2.50
Hdl Handle:
http://hdl.handle.net/2336/2774
Title:
Insomnia is more common among subjects living in damp buildings
Authors:
Janson, C; Norbäck, D; Omenaas, E; Gislason, T; Nyström, L; Jõgi, R; Lindberg, E; Gunnbjornsdottir, M; Norrman, E; Wentzel-Larsen, T; Svanes, C; Jensen, E J; Torén, K
Citation:
Occup Environ Med 2005, 62(2):113-8
Issue Date:
1-Feb-2005
Abstract:
BACKGROUND: Insomnia is a condition with a high prevalence and a great impact on quality of life. Little is known about the relation between and sleep disturbances and the home environment. AIM: To analyse the association between insomnia and building dampness. METHODS: In a cross-sectional, multicentre, population study, 16 190 subjects (mean age 40 years, 53% women) were studied from Reykjavik in Iceland, Bergen in Norway, Umeå, Uppsala, and Göteborg in Sweden, Aarhus in Denmark, and Tartu in Estonia. Symptoms related to insomnia were assessed by questionnaire. RESULTS: Subjects living in houses with reported signs of building dampness (n = 2873) had a higher prevalence of insomnia (29.4 v 23.6%; crude odds ratio 1.35, 95% CI 1.23 to 1.48). The association between insomnia and different indicators of building dampness was strongest for floor dampness: "bubbles or discoloration on plastic floor covering or discoloration of parquet floor" (crude odds ratio 1.96, 95% CI 1.66 to 2.32). The associations remained significant after adjusting for possible confounders such as sex, age, smoking history, housing, body mass index, and respiratory diseases. There was no significant difference between the centres in the association between insomnia and building dampness. CONCLUSION: Insomnia is more common in subjects living in damp buildings. This indicates that avoiding dampness in building constructions and improving ventilation in homes may possibly have a positive effect on the quality of sleep.
Description:
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Full metadata record

DC FieldValue Language
dc.contributor.authorJanson, C-
dc.contributor.authorNorbäck, D-
dc.contributor.authorOmenaas, E-
dc.contributor.authorGislason, T-
dc.contributor.authorNyström, L-
dc.contributor.authorJõgi, R-
dc.contributor.authorLindberg, E-
dc.contributor.authorGunnbjornsdottir, M-
dc.contributor.authorNorrman, E-
dc.contributor.authorWentzel-Larsen, T-
dc.contributor.authorSvanes, C-
dc.contributor.authorJensen, E J-
dc.contributor.authorTorén, K-
dc.date.accessioned2006-05-17T13:53:24Z-
dc.date.available2006-05-17T13:53:24Z-
dc.date.issued2005-02-01-
dc.identifier.citationOccup Environ Med 2005, 62(2):113-8en
dc.identifier.issn1470-7926-
dc.identifier.pmid15657193-
dc.identifier.doi10.1136/oem.2003.011379-
dc.identifier.otherPAD12en
dc.identifier.urihttp://hdl.handle.net/2336/2774-
dc.identifier.urihttp://oem.bmj.com/cgi/content/abstract/62/2/113en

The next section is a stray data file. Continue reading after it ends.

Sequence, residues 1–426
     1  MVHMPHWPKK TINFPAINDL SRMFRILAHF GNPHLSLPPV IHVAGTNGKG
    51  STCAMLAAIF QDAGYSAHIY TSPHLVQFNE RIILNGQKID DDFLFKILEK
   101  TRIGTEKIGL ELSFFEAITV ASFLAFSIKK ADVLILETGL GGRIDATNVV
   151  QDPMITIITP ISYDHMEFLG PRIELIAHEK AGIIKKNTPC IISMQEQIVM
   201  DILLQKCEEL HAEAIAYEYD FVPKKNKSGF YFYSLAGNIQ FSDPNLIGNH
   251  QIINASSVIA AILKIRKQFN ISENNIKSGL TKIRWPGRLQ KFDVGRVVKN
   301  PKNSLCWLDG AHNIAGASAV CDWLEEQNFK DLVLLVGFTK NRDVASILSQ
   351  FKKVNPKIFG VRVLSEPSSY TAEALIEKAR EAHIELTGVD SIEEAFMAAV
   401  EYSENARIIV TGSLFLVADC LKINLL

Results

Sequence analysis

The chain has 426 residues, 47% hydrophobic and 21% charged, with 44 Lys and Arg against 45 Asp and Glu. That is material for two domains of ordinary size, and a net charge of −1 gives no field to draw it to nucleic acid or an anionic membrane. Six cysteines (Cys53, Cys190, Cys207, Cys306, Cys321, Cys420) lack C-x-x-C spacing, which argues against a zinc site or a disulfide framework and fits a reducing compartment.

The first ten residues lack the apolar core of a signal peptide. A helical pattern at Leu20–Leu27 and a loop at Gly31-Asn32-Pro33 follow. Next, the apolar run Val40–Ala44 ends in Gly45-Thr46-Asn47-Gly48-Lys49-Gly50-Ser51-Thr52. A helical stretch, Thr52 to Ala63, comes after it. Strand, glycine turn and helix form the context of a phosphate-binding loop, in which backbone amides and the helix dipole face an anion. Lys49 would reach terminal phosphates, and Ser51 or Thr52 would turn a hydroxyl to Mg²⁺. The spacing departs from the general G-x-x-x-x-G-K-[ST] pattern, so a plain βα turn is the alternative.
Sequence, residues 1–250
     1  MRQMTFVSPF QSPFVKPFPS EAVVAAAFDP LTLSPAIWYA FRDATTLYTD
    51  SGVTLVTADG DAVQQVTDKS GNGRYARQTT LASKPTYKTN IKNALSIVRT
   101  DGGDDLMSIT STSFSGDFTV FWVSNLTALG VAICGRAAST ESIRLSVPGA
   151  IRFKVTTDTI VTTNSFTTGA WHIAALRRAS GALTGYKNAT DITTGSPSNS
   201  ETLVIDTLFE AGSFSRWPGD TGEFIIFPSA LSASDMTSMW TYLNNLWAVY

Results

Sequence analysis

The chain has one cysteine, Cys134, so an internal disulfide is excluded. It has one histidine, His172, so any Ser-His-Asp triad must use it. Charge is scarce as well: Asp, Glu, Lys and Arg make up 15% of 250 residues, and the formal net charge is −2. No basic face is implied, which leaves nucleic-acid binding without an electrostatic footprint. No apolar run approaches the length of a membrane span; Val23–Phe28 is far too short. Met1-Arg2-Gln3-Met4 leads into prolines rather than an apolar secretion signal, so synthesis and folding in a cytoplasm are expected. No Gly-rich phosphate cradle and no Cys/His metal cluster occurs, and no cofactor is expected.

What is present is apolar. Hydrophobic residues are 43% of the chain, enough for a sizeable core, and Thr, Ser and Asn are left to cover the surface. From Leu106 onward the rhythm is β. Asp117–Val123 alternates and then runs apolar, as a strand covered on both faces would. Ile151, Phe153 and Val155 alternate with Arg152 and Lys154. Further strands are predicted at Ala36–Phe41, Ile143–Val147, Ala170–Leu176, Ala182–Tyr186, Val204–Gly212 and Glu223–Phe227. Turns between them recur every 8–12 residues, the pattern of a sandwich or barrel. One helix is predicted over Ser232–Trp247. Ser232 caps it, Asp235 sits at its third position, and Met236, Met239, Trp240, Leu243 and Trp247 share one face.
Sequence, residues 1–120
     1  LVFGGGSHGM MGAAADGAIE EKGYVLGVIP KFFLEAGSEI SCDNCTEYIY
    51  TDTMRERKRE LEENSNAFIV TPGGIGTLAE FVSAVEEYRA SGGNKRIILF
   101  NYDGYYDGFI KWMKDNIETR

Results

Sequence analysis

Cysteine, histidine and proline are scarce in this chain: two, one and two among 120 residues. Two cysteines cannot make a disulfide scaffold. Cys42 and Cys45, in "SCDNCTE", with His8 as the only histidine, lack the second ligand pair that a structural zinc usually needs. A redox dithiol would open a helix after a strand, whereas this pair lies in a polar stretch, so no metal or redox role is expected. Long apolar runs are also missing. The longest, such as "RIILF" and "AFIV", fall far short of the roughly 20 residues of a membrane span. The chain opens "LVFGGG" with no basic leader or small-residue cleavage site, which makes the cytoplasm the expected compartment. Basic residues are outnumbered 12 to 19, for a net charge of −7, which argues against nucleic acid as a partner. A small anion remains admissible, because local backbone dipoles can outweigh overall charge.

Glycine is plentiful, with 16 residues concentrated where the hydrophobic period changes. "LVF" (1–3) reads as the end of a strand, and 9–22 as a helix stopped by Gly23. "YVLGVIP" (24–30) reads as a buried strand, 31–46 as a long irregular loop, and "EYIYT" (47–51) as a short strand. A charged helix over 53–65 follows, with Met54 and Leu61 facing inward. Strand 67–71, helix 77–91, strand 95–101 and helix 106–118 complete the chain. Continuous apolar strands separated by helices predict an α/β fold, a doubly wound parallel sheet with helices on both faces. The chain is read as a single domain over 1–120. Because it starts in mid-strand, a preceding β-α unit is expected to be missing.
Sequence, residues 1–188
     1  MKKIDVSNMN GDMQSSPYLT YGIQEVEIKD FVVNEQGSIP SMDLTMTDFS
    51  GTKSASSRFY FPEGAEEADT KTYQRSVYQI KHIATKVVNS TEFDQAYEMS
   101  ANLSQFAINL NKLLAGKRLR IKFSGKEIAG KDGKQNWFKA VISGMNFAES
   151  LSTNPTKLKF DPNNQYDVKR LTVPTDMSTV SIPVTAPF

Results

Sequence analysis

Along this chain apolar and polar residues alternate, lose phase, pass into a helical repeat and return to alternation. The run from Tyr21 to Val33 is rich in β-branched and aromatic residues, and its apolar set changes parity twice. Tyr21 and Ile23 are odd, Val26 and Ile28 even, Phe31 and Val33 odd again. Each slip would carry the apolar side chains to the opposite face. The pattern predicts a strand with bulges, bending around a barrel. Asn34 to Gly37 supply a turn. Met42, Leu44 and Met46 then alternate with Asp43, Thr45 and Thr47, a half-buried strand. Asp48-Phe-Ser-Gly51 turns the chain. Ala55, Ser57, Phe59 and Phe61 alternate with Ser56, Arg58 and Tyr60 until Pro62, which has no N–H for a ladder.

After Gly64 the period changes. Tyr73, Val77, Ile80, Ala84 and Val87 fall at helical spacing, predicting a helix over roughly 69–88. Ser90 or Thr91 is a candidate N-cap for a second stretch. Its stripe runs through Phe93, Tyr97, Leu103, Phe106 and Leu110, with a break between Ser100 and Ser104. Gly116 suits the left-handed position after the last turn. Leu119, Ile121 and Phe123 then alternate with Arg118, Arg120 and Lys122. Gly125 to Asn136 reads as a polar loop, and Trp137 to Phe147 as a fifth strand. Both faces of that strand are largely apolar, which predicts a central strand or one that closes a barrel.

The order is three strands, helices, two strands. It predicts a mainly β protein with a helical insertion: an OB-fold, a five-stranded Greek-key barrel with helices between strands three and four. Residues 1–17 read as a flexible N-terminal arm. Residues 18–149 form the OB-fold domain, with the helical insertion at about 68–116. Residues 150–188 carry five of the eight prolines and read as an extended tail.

dc.descriptionTo access Publisher full text version of this article. Please click on the hyperlink in Additional Linken
dc.description.abstractBACKGROUND: Insomnia is a condition with a high prevalence and a great impact on quality of life. Little is known about the relation between and sleep disturbances and the home environment. AIM: To analyse the association between insomnia and building dampness. METHODS: In a cross-sectional, multicentre, population study, 16 190 subjects (mean age 40 years, 53% women) were studied from Reykjavik in Iceland, Bergen in Norway, Umeå, Uppsala, and Göteborg in Sweden, Aarhus in Denmark, and Tartu in Estonia. Symptoms related to insomnia were assessed by questionnaire. RESULTS: Subjects living in houses with reported signs of building dampness (n = 2873) had a higher prevalence of insomnia (29.4 v 23.6%; crude odds ratio 1.35, 95% CI 1.23 to 1.48). The association between insomnia and different indicators of building dampness was strongest for floor dampness: "bubbles or discoloration on plastic floor covering or discoloration of parquet floor" (crude odds ratio 1.96, 95% CI 1.66 to 2.32). The associations remained significant after adjusting for possible confounders such as sex, age, smoking history, housing, body mass index, and respiratory diseases. There was no significant difference between the centres in the association between insomnia and building dampness. CONCLUSION: Insomnia is more common in subjects living in damp buildings. This indicates that avoiding dampness in building constructions and improving ventilation in homes may possibly have a positive effect on the quality of sleep.en
dc.language.isoenen
dc.publisherBMJ Pub. Groupen
dc.subjectAdulten
dc.subjectCross-Sectional Studiesen
dc.subjectEurope/epidemiologyen
dc.subjectFemaleen
dc.subjectFloors and Floorcoveringsen
dc.subjectHousingen
dc.subjectHumansen
dc.subjectHumidityen
dc.subjectMaleen
dc.subjectMiddle Ageden
dc.subjectPrevalenceen
dc.subjectRisk Factorsen
dc.subjectSleep Initiation and Maintenance Disordersen
dc.subjectSocial Classen
dc.titleInsomnia is more common among subjects living in damp buildingsen
dc.typeArticleen
dc.identifier.journalClinics in occupational and environmental medicineen
dc.format.digYES-

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